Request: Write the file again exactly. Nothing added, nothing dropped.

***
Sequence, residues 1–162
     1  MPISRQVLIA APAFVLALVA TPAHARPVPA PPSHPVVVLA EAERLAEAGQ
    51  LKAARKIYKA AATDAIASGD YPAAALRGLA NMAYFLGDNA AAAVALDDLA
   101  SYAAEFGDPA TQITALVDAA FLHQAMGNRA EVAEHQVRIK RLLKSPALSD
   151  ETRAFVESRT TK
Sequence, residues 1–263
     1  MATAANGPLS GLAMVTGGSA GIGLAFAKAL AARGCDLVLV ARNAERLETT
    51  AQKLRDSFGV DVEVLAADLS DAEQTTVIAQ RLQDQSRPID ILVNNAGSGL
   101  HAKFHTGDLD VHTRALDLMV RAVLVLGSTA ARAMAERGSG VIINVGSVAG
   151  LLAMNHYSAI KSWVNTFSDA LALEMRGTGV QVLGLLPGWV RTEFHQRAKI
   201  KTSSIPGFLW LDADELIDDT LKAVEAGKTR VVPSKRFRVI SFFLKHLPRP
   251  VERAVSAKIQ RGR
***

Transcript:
Sequence, residues 1–162
     1  MPISRQVLIA APAFVLALVA TPAHARPVPA PPSHPVVVLA EAERLAEAGQ
    51  LKAARKIYKA AATDAIASGD YPAAALRGLA NMAYFLGDNA AAAVALDDLA
   101  SYAAEFGDPA TQITALVDAA FLHQAMGNRA EVAEHQVRIK RLLKSPALSD
   151  ETRAFVESRT TK
Sequence, residues 1–263
     1  MATAANGPLS GLAMVTGGSA GIGLAFAKAL AARGCDLVLV ARNAERLETT
    51  AQKLRDSFGV DVEVLAADLS DAEQTTVIAQ RLQDQSRPID ILVNNAGSGL
   101  HAKFHTGDLD VHTRALDLMV RAVLVLGSTA ARAMAERGSG VIINVGSVAG
   151  LLAMNHYSAI KSWVNTFSDA LALEMRGTGV QVLGLLPGWV RTEFHQRAKI
   201  KTSSIPGFLW LDADELIDDT LKAVEAGKTR VVPSKRFRVI SFFLKHLPRP
   251  VERAVSAKIQ RGR